Ardwick Cemetery was situated on Ford Street, Gorton New Road, the first burial took place Tuesday 11th March 1838 for Johanna Naylor who was buried in a public grave, the cemetery was open to interments before it was officially opened. It closed May 1950 after 252,769 recorded burials.
The grounds were around 8 acres, beautifully planted and laid out, surrounded by a wall. A Chapel at the entrance to which opposite was the Registrars house and office. (These similar in architectural design of the Chapel)
The official opening to the Public took place Good Friday 13th April 1838 at 3pm in the Cemetery Chapel. The Rev. James Bradley, registrar and resident minister, gave an address and spoke a dedicatory prayer to the small congregation that filled the Chapel. Professional singers engaged for the occasion sang several anthems. After the service the Rev. James Bradley and the congregation took a walk around the grounds where he gave another address and prayer.
It was stated that as with other Public Cemeteries it was open to interments of persons without the distinction of sect, friends and family of the deceased may have a religious ceremony they see fit.
19th April 1923 at the House of Commons the Home Secretary was asked if permission was being sort to close the Cemetery. Mr Chamberlain replied 'the Cemetery was closed by order of the Council in 1893 but permits "burials in existing graves under certain conditions" but that there was no view to close the entire Cemetery'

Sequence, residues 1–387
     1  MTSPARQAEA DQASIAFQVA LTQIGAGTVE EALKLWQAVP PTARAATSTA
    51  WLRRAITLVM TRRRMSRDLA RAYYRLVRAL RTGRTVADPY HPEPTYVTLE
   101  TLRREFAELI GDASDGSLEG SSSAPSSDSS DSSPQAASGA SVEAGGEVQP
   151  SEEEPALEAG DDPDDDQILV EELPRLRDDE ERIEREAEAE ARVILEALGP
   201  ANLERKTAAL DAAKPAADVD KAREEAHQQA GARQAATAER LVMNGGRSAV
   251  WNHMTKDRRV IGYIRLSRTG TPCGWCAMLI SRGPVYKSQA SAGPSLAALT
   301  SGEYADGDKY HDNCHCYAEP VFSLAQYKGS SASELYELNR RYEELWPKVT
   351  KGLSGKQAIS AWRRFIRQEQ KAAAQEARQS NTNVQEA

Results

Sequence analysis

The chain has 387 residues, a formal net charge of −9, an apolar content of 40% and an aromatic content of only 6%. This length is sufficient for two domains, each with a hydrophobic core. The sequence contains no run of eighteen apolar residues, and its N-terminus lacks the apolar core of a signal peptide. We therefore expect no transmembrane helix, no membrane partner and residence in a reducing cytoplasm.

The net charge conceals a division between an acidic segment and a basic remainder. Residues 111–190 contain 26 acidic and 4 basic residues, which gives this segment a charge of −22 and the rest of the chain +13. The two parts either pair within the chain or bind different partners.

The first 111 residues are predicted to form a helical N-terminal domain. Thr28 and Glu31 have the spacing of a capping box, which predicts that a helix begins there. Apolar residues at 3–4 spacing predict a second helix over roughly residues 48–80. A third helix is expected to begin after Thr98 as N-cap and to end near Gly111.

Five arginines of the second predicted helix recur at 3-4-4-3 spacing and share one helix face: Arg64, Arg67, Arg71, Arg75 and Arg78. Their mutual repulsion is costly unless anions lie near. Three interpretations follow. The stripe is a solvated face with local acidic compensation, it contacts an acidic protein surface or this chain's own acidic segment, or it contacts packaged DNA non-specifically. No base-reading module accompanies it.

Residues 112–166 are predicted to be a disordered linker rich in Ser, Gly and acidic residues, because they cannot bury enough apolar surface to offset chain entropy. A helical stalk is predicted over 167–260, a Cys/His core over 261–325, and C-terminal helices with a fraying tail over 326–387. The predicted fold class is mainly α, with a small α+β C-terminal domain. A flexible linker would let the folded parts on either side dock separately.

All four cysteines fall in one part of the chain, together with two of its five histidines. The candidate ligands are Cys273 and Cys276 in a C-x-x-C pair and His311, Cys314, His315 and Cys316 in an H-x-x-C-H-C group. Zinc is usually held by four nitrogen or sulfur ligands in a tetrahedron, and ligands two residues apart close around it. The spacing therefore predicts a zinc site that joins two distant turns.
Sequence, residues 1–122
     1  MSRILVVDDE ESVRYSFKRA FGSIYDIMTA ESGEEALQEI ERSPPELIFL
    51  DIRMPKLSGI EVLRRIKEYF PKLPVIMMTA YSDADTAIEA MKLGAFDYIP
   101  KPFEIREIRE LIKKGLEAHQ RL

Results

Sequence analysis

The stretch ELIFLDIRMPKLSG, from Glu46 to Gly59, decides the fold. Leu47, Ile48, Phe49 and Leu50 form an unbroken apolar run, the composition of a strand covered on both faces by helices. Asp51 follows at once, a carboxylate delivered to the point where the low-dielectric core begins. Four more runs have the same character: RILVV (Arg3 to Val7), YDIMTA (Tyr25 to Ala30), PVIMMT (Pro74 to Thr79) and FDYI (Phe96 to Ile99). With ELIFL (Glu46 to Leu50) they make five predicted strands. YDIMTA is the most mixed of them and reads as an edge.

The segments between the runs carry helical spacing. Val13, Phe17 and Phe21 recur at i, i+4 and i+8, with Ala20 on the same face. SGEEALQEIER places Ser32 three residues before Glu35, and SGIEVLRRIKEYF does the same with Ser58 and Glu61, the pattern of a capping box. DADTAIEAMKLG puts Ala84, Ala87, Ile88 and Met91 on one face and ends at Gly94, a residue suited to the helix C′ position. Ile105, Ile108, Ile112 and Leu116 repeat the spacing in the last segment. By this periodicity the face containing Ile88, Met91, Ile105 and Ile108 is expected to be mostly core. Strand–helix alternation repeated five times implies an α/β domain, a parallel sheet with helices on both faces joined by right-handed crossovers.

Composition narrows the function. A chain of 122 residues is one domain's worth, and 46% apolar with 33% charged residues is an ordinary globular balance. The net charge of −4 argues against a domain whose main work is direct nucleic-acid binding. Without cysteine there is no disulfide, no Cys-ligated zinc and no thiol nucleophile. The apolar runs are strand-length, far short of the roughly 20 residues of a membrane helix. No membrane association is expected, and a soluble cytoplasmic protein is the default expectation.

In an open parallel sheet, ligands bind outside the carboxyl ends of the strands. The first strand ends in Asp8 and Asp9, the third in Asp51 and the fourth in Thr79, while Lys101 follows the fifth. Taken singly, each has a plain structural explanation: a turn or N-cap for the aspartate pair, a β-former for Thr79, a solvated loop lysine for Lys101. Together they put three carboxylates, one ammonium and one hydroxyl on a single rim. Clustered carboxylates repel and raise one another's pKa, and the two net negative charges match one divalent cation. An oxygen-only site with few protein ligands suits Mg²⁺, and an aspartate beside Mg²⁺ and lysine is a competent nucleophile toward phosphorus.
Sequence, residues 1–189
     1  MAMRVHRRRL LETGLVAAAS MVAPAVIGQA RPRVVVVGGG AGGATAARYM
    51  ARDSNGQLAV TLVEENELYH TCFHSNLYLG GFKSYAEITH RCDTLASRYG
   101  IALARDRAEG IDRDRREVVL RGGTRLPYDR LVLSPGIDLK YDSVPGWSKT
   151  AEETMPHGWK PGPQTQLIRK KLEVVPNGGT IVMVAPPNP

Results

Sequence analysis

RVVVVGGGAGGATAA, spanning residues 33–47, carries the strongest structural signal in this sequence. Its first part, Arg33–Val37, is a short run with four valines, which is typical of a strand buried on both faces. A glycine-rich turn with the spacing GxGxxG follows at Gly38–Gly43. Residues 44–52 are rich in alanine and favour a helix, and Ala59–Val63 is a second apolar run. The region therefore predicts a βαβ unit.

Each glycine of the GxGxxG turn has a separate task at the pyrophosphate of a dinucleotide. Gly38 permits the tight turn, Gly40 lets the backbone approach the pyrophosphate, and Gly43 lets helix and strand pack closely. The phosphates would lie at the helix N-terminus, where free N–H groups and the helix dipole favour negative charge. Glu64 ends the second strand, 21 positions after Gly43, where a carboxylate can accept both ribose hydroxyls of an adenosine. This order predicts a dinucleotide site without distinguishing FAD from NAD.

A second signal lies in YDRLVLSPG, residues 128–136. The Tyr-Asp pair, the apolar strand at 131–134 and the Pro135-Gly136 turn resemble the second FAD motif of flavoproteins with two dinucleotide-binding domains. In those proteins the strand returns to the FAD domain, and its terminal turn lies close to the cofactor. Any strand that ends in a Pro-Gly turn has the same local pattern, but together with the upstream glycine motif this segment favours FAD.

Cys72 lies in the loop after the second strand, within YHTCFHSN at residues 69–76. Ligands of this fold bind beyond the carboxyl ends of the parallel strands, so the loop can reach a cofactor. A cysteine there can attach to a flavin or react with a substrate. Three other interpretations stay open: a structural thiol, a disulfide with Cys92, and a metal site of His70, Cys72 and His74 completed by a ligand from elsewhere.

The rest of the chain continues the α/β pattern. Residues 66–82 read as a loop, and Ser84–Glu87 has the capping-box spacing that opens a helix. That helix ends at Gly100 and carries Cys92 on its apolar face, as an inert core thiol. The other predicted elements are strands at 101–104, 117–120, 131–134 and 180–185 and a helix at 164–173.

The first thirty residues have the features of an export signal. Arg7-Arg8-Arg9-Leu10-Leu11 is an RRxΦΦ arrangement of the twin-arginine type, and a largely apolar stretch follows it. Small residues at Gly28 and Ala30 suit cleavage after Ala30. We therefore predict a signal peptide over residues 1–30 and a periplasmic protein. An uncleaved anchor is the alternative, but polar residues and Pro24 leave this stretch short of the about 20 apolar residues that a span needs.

Many Notable people were buried here, John Dalton, Thomas Potter first lord mayor of Manchester, Ernest Jones - Chartist, Lieut Col. Hibbert C.B., Rev. Edward Mathews (much of his life given to the cause of temperance and emancipation of the negro), Sir John Potter - founder of the Manchester Free Library, Samuel Hibbert-Ware - Scientific and Literary contributions, Samuel William Butler - Actor, Robert Hawthorne - Bugler.
A plaque on the railings on Devonshire Street is all that remains to show that Ardwick Cemetery was once there.
©Britain From Above
Rusholme Road Cemetery
Dissenters Cemetery / Rusholme Road Cemetery, Rusholme Road Chorlton Row, opened Wednesday 16th May 1821 and closed Feb 6th 1933.
It was described as "Easy and good access from all directions to the Cemetery. The land being red rock, gravel and sand, many yards deep, even after the heaviest rains the graves are perfectly dry making the Cemetery incomparably desirable." To prevent any robbing from graves a watchman and a dog walk the grounds at night that has been in the employ of a Committee member for many years.
In June 1821 a contract was advertised for the erection of two buildings, a wall with palisades and gates, the Cemetery was interring before the grounds were completed.
The first burial took place 16th May 1821 of Martha Wood, Wife of James Wood of Plymouth Street, aged 31yrs. The novelty of the scene drew a large amount of spectators, as the Cemetery committee preceded the body to the grave. The Revd. Samuel Bradley, the deceased’s own pastor gave an address and read the 23rd chapter of Genesis.